😱 Belchite became an open-air museum of the horror of the civil war of 1936-39, which left 300,000 dead and wounds that have yet to heal or, for some today, mustn't. For many locals, the battle of Belchite has yet to end, judging by reports of paranormal incidents. Some insist they have heard the screams of falling soldiers, while others say the Count of Belchite wanders the streets, unable to find a resting place after his corpse was exhumed.

🎟️ Ordinary visitors have encountered unusual situations. Currently, you can only visit Belchite at set times every day, with prior booking. More daring visitors can also visit at 10 p.m. on weekends. Your ticket does not include a guaranteed paranormal experience, but many visitors insist strange things have happened to them. These include sudden changes of temperature or the strange feeling of being observed from a street corner or a window. Furthermore, such phenomena increase as evening falls, as if night brought the devastated town to life.

➡️


We still cling to the past because back then we had security, which is the main thing that's missing in Libya today.

— Fethi al-Ahmar, an engineer living in the Libyan desert town Bani Walid, told AFP, as the country today marks the 10-year anniversary of the death of dictator Muammar Gaddafi. The leader who had reigned for 42 years over Libya was toppled in a revolt inspired by the Arab Spring uprisings and later killed by rebels. Some hope the presidential elections set in December can help the country turn the page on a decade of chaos and instability.


Iran to offer Master's and PhD in morality enforcement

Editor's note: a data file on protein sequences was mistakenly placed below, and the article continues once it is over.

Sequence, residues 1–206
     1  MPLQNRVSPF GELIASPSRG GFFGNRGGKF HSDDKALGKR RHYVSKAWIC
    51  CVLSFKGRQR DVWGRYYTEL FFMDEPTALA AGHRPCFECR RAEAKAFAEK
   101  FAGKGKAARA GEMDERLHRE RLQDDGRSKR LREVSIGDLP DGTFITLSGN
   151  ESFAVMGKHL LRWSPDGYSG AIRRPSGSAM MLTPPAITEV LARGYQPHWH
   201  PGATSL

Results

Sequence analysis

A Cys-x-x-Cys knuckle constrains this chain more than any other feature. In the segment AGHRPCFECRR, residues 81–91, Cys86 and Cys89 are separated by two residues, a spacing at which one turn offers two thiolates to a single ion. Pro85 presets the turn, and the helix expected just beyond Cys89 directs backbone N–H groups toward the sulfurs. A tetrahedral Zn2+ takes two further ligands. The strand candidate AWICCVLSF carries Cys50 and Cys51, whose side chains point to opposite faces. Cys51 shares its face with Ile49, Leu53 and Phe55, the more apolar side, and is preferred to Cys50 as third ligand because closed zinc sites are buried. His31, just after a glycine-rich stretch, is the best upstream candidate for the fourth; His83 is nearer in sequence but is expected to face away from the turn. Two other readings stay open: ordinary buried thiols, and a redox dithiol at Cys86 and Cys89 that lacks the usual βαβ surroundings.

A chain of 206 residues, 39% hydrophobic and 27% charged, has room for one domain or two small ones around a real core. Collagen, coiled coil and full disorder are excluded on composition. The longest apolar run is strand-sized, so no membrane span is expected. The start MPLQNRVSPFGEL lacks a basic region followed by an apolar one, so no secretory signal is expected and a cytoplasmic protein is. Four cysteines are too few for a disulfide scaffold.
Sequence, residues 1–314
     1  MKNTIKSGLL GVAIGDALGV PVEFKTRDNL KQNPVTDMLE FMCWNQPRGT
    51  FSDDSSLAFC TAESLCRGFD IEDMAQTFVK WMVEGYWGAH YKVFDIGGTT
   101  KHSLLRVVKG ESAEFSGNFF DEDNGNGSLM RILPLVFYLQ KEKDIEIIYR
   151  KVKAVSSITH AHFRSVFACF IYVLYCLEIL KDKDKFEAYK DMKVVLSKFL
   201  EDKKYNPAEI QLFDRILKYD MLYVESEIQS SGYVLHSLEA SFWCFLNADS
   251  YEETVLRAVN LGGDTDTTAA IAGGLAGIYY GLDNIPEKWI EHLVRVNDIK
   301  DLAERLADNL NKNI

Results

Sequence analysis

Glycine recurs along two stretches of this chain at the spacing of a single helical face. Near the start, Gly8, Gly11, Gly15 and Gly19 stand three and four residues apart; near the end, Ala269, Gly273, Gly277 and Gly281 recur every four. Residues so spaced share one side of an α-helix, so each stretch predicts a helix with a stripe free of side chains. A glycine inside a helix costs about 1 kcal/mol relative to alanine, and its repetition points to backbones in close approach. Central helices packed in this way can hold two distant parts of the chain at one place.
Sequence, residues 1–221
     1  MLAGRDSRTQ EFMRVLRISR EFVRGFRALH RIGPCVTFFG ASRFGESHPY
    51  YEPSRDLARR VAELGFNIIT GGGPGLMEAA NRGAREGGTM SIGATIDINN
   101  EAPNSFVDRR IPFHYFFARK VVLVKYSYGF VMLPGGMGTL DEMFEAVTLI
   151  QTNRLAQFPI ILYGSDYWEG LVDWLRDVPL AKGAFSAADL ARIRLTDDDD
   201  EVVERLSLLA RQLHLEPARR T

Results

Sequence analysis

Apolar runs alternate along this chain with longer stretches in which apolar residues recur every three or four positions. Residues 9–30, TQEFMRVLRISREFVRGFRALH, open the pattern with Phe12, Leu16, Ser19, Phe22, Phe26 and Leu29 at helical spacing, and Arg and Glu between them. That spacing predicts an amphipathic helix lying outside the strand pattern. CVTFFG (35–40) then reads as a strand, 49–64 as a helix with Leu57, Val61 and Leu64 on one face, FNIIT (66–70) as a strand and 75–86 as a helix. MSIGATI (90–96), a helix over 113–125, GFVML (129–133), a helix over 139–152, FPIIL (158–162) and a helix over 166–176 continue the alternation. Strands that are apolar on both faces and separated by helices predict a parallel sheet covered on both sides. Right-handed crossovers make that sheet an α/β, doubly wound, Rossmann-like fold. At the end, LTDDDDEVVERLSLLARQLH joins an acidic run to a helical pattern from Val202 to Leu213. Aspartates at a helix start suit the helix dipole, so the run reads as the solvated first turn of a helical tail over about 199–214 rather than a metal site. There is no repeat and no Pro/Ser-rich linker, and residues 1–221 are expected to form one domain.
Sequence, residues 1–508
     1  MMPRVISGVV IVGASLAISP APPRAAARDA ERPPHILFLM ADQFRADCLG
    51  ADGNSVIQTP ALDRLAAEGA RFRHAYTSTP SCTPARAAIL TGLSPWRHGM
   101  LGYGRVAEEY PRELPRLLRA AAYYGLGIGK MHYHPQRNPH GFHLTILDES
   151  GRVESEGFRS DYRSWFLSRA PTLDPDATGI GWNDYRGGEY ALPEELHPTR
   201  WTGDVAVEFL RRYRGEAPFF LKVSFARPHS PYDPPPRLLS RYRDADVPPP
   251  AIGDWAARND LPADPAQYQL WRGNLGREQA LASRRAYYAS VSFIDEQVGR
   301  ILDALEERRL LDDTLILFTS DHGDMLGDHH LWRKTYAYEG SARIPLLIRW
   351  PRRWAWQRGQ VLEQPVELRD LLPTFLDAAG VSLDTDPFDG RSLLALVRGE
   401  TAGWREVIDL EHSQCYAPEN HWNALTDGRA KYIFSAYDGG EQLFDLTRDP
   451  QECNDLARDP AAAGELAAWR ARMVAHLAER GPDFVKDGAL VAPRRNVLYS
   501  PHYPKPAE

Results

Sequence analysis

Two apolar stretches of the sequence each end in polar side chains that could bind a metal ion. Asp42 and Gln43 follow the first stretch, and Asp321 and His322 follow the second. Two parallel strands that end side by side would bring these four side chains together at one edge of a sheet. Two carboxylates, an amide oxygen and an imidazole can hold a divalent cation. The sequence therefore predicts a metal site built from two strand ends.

Iran will create new "master's and doctorate" programs to train state morality agents checking on people's public conduct and attire, according to several Persian-language news sources.

Mehran Samadi, a senior official of the Headquarters to Enjoin Virtues and Proscribe Vices (Amr-e be ma'ruf va nahy az monkar) said "anyone who wants to enjoin virtues must have the knowledge," the London-based broadcaster Iran International reported, citing reports from Iran.

The morality patrols, in force since the 1979 revolution, tend to focus mostly on young people and women, particularly the public appearance for the latter. Loose headscarves will send women straight to a police station, often in humiliating conditions. Five years ago, the regime announced a new force of some 7,000 additional agents checking on women's hijabs and other standards of dress and behavior.

Last week, for example, Tehran police revealed that they had "disciplined" agents who had been filmed forcefully shoving a girl into a van. Such incidents may increase under the new, conservative president, Ibrahim Raisi.

Speaking about the new academic discipline, Samadi said morals go "much further than headscarves and modesty," and those earning graduate degrees would teach agents "what the priorities are."

Iran's Islamic regime, under the guidance of Shia jurists, continuously fine tunes notions of "proper" conduct — and calibrates its own, interventionist authority. More recently the traffic police chief said women were not allowed to ride motorbikes, and "would be stopped," Prague-based Radio Farda reported.

Days before, a cleric in the holy city of Qom in central Iran insisted that people must be vaccinated by a medic of the same sex "as often as possible," and if not, there should be no pictures of mixed-sex vaccinations.

✍️ Newsletter by Anne-Sophie Goninet, Jane Herbelin and Bertrand Hauger